Who Succeeds in Science?: The Gender Dimension
By Gerhard Sonnert, Gerald James Holton
Review by Choice Review
Sonnert’s book could be aptly subtitled “How to Succeed in Science” because, in many ways, it is a manual of strategies on how to work the established social system of science. The bulk of the book concentrates on the narration of life histories of ten male and ten female scientists; five in each group have had successful scientific careers, and five have had successful careers but not as academic scientists. Although the focus is on gender differences, the life stories of these scientists reveal similar obstacles and difficulties (although a few of the women also faced overt or covert discrimination); the major difference between male and female scientific careers is that the men had to contend with only one time clock, their own, whereas women had the challenge of synchronizing three: the female biological clock, their career clock, and the spouse’s career clock. There is an interesting brief chapter on the implications of this study for policy makers. Incomplete and not very helpful index. Sociologists of science, gender study academicians, and policy makers will find much here of value. General; undergraduate through professional. M. H. Chaplin; Wellesley College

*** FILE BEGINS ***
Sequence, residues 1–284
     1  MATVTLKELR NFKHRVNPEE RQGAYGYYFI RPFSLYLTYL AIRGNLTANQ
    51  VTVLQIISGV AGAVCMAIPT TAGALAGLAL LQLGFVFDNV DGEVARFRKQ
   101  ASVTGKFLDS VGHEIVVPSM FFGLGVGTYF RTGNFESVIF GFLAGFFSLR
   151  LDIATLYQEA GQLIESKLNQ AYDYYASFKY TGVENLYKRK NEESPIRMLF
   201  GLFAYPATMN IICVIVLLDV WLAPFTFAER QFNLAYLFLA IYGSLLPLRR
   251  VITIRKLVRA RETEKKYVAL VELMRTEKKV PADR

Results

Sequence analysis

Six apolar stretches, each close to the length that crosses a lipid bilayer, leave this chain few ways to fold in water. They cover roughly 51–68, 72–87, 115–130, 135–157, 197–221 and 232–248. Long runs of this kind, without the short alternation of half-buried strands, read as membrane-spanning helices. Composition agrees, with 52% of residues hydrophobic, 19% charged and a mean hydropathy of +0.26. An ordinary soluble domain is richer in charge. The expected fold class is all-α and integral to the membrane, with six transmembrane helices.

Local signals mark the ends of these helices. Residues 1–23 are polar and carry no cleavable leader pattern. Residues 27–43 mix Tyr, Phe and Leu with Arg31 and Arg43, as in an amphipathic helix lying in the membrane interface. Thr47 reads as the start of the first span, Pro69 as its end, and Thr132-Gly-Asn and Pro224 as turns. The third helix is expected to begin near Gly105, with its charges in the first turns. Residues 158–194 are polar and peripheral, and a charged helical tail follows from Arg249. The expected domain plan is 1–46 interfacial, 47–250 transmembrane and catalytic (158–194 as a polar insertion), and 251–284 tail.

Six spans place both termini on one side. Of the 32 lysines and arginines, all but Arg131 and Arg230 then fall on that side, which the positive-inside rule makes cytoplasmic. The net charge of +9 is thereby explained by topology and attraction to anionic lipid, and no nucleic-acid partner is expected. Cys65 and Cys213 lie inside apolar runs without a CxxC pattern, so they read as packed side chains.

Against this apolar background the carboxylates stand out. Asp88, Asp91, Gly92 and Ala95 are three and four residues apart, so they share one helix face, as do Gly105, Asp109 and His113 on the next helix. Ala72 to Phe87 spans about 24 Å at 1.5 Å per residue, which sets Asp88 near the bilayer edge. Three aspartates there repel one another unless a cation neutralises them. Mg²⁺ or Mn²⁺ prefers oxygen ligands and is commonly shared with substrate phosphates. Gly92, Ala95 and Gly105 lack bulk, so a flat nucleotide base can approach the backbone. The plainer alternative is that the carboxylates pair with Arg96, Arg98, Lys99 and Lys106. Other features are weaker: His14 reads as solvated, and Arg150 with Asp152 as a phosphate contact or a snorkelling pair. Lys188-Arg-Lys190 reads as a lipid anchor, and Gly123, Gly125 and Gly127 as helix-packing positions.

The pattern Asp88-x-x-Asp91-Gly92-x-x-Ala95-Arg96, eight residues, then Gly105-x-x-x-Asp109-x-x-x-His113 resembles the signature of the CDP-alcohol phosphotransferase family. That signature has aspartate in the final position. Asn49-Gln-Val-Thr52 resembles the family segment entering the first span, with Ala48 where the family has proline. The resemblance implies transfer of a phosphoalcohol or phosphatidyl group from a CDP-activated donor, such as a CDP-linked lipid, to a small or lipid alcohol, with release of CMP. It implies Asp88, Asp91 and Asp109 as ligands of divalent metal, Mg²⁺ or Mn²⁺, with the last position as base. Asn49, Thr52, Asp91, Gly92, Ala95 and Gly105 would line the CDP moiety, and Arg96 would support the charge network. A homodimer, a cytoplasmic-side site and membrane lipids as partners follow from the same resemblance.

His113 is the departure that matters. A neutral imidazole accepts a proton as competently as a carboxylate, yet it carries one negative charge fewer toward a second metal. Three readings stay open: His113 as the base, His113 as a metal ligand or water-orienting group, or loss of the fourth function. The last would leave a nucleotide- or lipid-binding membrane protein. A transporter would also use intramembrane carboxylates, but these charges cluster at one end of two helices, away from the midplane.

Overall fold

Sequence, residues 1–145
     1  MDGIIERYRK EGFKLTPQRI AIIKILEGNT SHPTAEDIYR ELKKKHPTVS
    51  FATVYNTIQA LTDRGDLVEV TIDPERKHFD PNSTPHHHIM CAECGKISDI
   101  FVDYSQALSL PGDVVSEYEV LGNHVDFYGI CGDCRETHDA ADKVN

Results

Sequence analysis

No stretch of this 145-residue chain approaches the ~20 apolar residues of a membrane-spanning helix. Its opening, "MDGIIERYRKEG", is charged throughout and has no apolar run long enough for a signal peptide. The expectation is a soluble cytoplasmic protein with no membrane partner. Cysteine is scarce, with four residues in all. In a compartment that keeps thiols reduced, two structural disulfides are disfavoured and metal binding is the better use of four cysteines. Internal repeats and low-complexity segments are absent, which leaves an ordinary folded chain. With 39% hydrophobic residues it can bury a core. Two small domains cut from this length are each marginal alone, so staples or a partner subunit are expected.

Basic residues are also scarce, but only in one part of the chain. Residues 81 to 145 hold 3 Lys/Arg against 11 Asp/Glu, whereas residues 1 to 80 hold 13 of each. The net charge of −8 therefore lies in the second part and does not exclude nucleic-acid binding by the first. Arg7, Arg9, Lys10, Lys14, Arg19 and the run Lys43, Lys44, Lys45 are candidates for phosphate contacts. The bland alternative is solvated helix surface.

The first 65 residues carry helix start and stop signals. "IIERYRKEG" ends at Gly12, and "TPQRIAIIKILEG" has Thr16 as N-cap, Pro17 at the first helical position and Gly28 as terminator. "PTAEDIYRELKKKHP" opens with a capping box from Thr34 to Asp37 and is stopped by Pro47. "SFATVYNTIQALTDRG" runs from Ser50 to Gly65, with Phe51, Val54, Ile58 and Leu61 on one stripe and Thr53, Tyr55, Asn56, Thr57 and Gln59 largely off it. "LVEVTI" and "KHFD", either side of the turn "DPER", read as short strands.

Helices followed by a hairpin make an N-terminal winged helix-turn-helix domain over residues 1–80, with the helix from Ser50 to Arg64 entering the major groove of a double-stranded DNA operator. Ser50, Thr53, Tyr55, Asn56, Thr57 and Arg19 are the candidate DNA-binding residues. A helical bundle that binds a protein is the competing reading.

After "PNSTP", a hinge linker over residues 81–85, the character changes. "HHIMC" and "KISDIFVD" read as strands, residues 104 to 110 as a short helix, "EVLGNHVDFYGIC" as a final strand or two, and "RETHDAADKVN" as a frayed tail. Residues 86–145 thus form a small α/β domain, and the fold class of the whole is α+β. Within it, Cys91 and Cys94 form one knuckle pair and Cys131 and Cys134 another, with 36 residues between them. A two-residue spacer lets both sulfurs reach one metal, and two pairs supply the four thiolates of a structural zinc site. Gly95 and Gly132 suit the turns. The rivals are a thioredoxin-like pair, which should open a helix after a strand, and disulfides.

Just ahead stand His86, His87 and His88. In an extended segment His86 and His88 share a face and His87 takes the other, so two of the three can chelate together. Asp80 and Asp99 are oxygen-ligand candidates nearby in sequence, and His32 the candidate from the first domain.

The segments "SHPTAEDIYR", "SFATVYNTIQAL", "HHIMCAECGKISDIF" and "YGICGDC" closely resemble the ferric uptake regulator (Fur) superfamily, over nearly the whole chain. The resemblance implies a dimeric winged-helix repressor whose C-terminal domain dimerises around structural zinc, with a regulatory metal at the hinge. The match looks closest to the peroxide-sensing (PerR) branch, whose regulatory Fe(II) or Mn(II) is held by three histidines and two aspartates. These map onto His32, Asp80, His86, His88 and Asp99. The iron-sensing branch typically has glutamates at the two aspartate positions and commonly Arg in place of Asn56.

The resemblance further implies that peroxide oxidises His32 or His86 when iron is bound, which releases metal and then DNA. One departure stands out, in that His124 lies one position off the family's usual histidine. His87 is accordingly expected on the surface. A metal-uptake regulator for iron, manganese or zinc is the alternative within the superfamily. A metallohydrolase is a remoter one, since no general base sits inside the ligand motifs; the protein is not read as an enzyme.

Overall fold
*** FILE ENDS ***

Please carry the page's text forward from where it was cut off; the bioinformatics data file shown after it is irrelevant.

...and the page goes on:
Copyright American Library Association, used with permission.